AmerisourceBergen Drug Corp. CEO Steven H. Collis must give a deposition in the second bellwether trial in federal multidistrict litigation set to start in October.
Virginia Special Master Christopher C. Wilkes in the US District Court for the Southern District of West Virginia wrote a nine-page order, rejecting the drug maker’s argument that the testimony would be inconvenient and burdensome for Collis.
The opioid epidemic in West Virginia is documented in a Pulitzer Prize-winning newspaper series, triggered a Congressional investigation, spawned lawsuits brought by all 55 counties in West Virginia (including the Attorney General) in federal and state court.
The ruling came on June 29, 2020, in The City of Huntington and Cabell County Commission v. AmerisourceBergen Drug Corporation, Civil Action No. 3:17-01362. A bench trial before US District Judge David A. Faber starts October 19, and distributor Cardinal Health Inc. is also a defendant.
AmerisourceBergen (ABDC) is one of the big three opioid wholesalers and is facing 2,811 lawsuits before US District Judge Dan A. Polster in MDL 2804 IN RE: National Prescription Opiate Litigation in the Northern
District of Ohio
Wilkes said the importance of the issues in the case are “paramount and unparalleled,” and the amount of money at stake is potentially hundreds of millions of dollars and “unquestionably significant.” Therefore, the benefits of his testimony outweigh any burden.
“When the scales of justice are balanced, the tragic backdrop of this potentially momentous litigation justifies the deposition of ABDC’s chief executive officer,” the order says.
ABDC and Collins tried to hide behind the “apex doctrine,” which applies to a specific subset of deposition notices that demand the appearance of high-level executives or high-ranking government officials to prevent harassing or burdening top execs.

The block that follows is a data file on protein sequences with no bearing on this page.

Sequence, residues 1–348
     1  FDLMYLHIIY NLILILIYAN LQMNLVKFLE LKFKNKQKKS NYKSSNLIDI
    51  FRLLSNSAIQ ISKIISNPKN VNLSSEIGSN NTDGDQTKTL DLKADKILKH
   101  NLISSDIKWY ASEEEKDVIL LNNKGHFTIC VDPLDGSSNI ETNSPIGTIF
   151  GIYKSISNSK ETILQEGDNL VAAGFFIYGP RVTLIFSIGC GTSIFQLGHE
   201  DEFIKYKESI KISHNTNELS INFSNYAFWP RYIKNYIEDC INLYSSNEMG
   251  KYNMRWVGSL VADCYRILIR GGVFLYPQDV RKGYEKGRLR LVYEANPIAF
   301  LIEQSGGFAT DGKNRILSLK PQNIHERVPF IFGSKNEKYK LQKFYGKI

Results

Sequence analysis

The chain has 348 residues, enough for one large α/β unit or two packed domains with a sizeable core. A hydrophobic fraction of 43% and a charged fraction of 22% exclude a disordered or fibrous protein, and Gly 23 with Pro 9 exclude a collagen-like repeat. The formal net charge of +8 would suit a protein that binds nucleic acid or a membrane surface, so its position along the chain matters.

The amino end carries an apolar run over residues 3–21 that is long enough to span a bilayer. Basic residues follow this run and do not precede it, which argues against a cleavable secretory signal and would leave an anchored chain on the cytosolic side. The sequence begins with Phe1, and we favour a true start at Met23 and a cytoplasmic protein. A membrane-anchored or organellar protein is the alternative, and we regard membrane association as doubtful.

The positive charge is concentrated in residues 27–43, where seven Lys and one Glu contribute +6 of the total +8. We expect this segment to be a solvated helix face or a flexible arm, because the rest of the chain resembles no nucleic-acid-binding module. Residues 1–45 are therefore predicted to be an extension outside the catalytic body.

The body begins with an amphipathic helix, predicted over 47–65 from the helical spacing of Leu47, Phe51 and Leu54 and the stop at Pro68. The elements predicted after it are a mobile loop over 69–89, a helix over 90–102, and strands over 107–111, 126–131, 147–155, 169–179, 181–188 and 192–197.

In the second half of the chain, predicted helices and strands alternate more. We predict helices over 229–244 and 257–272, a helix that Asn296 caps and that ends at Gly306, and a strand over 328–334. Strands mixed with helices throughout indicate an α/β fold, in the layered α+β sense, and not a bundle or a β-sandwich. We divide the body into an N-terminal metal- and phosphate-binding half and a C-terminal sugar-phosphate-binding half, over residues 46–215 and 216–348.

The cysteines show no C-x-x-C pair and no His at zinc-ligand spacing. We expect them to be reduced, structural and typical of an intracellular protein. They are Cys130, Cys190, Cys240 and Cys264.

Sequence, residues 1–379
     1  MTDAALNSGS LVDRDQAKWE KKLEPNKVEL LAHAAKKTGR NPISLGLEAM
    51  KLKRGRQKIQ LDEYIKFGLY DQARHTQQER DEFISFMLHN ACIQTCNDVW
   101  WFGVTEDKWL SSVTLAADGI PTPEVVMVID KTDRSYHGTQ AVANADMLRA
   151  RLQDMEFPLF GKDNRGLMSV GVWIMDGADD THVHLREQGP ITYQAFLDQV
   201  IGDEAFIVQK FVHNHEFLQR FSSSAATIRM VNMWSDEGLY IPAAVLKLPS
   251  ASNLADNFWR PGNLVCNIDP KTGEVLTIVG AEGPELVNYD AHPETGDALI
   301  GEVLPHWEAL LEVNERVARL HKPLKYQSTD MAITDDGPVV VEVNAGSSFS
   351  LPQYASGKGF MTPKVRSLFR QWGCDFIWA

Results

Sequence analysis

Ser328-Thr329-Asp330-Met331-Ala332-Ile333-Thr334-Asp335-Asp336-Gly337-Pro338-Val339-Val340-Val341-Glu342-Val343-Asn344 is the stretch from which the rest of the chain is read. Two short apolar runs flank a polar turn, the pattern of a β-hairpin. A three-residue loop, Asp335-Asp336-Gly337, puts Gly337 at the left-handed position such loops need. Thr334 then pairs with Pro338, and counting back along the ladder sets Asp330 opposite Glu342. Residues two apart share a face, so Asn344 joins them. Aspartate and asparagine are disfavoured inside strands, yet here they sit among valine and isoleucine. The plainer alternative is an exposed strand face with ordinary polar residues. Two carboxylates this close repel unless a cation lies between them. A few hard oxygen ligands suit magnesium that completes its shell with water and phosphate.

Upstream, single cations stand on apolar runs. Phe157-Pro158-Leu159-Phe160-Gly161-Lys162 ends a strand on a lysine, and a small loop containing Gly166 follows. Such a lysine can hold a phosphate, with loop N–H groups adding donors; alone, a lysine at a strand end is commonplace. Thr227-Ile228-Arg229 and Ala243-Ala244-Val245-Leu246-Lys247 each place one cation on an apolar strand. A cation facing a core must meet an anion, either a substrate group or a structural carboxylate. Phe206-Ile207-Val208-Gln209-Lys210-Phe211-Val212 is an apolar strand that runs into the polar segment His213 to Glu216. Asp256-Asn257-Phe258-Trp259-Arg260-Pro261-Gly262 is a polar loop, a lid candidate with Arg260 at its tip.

That argument went nowhere because the Fourth Circuit has not adopted the apex doctrine, nor commented on its validity.
Besides, Collis voluntarily testified before the Congressional Subcommittee on Oversight and Investigations of the US House of Representatives on May 8, 2018.
“It received sworn testimony from and posed written questions to ABDC Chairman, President, and CEO, Steven H. Collis. The purpose of the hearing was to “examine the role that [ABDC] may have played in contributing to the opioid epidemic as well as distribution practices specific to West Virginia,” the order states.
“Mr. Collis’ written and verbal answers to Congress which demonstrate core competence, personal involvement and direct knowledge of the factual issues the Court must decide during the bench trial,” says the order.
Further, “Collis has not submitted an affidavit indicating that he doesn’t have personal knowledge of the facts, or explained why sitting for the deposition would place “extraordinary demands on his time,” the order states.
The City of Huntington is represented by Anne McGinness Kearse, Joseph F. Rice, Linda Singer, and David I. Ackerman of Motley Rice LLP and by Charles R. “Rusty” Webb of The Webb Law Centre PLLC.
Attorneys for the Cabell County Commission include Paul T. Farrell Jr. of Farrell Law, Anthony J. Majestro of Powell & Majestro PLLC, and Michael A. Woelfel of Woelfel & Woelfel LLP.